If you are serious about bike riding, you may do things that the average cyclist would not. You may cross-train, look for beach cruiser upgrades, or see a nutritionist about modifying your diet to provide you the most energy. When you are training and trying to achieve goals through your bicycling, one thing that you should not neglect is getting enough sleep.
Sleep gives your body an opportunity to restore itself and relieve stress, both physical and mental. If you do not get the required hours of sleep per night, your body does not have the opportunity to recover. The effects can be cumulative the longer you remain sleep deprived, which means not getting enough sleep rather than getting no sleep at all.
Sleep deprivation can have predictable and measurable effects on your athletic performance when you ride your bike. Not having time to recover properly after each workout can wear your body down over time. As a result, your chance of injury when riding your bike increases by 170% when you do not get enough sleep. Riding a properly sized cruiser bike for short person may help to reduce this risk but cannot negate it altogether.
Cyclists who participated in a study measuring the effects of sleep deprivation on athletic performance reported that they felt like they expended much more effort than usual when riding while fatigued. However, the effect was not only subjective. The sleep-deprived study participants reached physical exhaustion after only 18.9 minutes of riding, while those who had received a good night’s sleep lasted an average of 20.6 minutes.
There are changes you can make to your sleeping habits to make sure you get the rest you need every night.
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Reserve 7 Plus Hours Per Night for Sleep
Generally speaking, a healthy adult needs between seven to nine hours of sleep per night to be completely rested and recover fully from the stresses of the day before. However, that figure assumes that a person is undergoing a mild-to-moderate amount of physical activity on a daily basis. If you are an avid cyclist in the midst of strenuous training, you are probably expending more energy than the average adult would. This being the case, you may need to get even more sleep, just as you have to eat more calories than the average person would to replace what you are losing during training. Once you determine how many hours of sleep you need per night, you can make sure that you get them by going to bed at the same time every night and waking up at the same time every morning.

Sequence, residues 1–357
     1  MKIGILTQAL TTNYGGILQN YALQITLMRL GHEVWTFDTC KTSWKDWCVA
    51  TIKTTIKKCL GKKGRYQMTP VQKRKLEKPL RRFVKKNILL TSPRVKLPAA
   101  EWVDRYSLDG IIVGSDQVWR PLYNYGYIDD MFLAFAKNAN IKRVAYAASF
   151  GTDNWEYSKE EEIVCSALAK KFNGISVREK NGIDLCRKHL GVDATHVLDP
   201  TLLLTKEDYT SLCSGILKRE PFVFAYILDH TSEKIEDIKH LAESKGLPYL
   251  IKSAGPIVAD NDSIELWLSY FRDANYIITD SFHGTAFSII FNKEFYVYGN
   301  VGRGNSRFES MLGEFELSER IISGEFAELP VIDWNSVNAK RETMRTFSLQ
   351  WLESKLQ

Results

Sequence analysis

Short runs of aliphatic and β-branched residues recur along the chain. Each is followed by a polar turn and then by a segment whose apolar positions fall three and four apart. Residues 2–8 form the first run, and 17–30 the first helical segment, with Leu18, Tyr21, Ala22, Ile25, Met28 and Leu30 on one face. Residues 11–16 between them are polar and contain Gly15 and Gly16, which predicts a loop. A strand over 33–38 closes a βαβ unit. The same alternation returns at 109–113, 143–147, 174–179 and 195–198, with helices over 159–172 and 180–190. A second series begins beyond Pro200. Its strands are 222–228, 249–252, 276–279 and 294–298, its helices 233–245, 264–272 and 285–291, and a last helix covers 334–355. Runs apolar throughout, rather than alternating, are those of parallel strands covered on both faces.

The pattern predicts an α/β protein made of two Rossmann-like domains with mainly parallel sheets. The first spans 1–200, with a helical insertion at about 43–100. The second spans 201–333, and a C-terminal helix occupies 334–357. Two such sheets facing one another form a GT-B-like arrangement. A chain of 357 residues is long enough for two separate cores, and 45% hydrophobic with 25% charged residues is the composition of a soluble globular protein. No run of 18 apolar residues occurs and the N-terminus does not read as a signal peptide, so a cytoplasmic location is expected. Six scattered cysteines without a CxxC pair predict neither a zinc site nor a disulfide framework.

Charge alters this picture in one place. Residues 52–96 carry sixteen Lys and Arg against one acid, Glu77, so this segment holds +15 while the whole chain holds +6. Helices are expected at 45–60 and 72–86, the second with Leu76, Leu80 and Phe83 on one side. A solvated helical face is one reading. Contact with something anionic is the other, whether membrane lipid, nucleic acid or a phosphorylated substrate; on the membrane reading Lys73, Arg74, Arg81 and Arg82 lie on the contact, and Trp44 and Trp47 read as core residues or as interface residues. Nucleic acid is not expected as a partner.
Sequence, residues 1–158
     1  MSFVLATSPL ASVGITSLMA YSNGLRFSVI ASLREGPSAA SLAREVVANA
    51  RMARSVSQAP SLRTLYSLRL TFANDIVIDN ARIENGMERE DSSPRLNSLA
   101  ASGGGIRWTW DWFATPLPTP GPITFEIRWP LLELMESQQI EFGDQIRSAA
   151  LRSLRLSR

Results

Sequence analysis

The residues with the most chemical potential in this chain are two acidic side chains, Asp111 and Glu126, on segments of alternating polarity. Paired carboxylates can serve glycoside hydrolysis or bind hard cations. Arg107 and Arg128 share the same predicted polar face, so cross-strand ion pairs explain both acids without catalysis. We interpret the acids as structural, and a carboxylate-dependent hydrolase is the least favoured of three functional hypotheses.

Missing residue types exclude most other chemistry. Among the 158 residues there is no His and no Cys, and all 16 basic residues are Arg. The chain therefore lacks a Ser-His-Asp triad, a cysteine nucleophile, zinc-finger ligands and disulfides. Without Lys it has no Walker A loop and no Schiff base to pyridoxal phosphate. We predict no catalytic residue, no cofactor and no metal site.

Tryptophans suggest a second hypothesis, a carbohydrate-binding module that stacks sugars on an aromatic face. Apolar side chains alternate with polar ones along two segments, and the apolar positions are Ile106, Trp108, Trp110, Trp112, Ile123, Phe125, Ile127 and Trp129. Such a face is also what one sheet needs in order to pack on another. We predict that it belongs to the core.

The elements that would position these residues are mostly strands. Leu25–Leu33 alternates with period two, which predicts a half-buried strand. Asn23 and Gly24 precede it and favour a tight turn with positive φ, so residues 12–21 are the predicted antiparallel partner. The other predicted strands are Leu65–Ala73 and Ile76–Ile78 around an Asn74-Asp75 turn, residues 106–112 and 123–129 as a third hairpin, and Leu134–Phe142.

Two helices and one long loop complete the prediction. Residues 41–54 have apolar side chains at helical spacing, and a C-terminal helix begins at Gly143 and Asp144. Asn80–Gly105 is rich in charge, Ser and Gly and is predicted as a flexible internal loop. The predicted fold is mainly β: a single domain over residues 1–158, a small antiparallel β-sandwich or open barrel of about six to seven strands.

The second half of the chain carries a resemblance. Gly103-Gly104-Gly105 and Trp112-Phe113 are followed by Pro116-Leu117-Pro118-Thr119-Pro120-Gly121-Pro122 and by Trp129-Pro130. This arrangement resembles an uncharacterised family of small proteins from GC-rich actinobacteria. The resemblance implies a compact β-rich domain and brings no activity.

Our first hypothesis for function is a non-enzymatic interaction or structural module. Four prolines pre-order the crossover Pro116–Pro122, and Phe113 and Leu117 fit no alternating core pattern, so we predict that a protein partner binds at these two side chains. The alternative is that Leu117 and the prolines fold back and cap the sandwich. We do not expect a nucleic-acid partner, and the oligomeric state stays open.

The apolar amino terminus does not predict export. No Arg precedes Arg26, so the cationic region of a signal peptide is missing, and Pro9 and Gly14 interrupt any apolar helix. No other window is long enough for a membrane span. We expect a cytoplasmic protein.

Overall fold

Resist the Afternoon Nap
If something prevents you from getting your regular allotment of sleep on a given night, taking a nap the next day can help you make up what you are missing. Generally speaking, however, it is better to get an unbroken night’s sleep than to take habitual naps during the day. To wake up refreshed from a nap, you have to go through the entire sleep cycle. If you wake up from a nap before the cycle is complete, you may end up even more tired.
Whether you are a serious or a casual rider, getting enough sleep can benefit you, as can getting electric tricycles or whatever equipment is most appropriate for you.